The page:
Animals and people have been living together for thousands of years, but the past 100 years have been extraordinary in the amount of change in those relationships. In the last 100 years, people have markedly changed their perceptions, their relationships, and their uses of animals and animal products. Many of these changes have occurred in our lifetimes.
Some of us grew up on farms and had considerable contact with livestock and wildlife. We knew that dairy cows were kept to provide milk and meat. Beef cattle and pigs were slaughtered to provide meat, and chickens provided eggs as well as meat. Wildlife, living on the farm or nearby, was often hunted by farm families to provide meat and skins.
Even though we understood, or perhaps because we understood the primary role of animals in our lives, we were often in a close relationship that gave us a perspective of our interdependence and the nature of life and death in our ecosystem. Today, less that 1% of Continue reading
“[Animals] are not bretheren, they are not underlings; they are other nations, caught with ourselves in the net of life and time.”
Henry Beston, Autumn, Ocean, and Birds, The Outermost House, 1928
Bonds between humans and nature have always been recognized by both science and religion. The original state of innocence proposed by revealed religion was in a garden, the Garden of Eden, and a good man was assigned to build an ark and save nature, God’s Creation, when God flooded the earth.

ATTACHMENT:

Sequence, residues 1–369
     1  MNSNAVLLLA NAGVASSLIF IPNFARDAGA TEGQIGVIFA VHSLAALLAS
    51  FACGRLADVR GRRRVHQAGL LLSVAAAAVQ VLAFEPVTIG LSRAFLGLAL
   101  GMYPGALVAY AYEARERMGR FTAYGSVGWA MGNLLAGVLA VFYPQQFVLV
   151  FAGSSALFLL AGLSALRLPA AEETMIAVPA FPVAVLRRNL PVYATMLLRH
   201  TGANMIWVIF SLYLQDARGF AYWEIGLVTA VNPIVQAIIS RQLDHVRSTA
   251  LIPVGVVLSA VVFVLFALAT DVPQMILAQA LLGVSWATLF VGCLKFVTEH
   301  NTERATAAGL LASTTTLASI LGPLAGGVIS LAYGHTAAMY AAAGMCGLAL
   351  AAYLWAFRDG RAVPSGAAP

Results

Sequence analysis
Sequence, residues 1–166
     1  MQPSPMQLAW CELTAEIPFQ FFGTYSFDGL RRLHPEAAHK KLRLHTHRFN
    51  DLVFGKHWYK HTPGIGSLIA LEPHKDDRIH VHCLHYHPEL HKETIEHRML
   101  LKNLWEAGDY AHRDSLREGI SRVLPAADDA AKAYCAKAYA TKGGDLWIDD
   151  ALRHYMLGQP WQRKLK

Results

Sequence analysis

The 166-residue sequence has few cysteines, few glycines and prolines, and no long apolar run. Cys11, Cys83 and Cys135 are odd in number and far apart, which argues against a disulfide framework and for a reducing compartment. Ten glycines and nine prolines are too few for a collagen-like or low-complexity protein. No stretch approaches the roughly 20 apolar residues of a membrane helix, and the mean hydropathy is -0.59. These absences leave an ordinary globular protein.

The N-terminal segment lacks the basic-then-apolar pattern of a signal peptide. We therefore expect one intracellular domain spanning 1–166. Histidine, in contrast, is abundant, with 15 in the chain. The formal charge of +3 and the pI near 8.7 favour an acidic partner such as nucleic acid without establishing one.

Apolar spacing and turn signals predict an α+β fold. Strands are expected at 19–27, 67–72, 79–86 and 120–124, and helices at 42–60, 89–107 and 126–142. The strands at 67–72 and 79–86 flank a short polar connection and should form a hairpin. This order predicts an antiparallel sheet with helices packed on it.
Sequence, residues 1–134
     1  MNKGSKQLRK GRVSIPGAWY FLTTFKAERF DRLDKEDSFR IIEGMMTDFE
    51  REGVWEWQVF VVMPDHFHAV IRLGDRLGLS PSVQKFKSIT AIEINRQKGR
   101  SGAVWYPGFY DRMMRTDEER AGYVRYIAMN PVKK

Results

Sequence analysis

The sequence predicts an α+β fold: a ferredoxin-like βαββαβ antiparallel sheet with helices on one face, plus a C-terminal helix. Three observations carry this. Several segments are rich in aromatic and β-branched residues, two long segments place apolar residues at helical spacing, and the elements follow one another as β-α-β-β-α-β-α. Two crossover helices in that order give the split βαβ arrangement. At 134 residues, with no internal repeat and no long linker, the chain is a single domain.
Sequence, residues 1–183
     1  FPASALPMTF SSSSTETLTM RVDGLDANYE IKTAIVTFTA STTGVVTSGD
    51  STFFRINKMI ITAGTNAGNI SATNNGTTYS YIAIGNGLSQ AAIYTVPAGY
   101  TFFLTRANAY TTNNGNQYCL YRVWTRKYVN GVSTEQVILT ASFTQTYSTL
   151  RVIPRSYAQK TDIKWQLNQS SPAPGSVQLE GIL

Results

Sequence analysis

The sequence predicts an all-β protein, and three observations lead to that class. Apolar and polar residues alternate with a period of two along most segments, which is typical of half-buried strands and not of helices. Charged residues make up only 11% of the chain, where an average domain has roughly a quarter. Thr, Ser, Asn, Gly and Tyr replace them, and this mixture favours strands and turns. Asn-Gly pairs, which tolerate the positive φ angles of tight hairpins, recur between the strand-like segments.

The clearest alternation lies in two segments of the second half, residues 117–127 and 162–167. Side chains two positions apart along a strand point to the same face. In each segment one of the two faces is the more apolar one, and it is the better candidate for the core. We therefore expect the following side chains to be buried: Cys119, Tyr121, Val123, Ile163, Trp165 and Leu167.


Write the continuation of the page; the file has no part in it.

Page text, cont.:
The evidence of evolution and anthropology is that humans always depended on intimate connections with plants, animals, and the heavens to feed and shelter themselves and find their way. The evidence from ecology and geophysics is that the biosphere that sustains human life is a delicate skin over the planet that it has been damaged and is alarmingly in need of attention and tending by the humans whose domination of the planet has challenged its integrity.
CENSHARE seeks to promote the scientific study and public awareness of deep and significant bonds between humanity and all of nature—plants, animals, forests, oceans, and global ecosystems.
There are so many questions to be explored. . . . Continue reading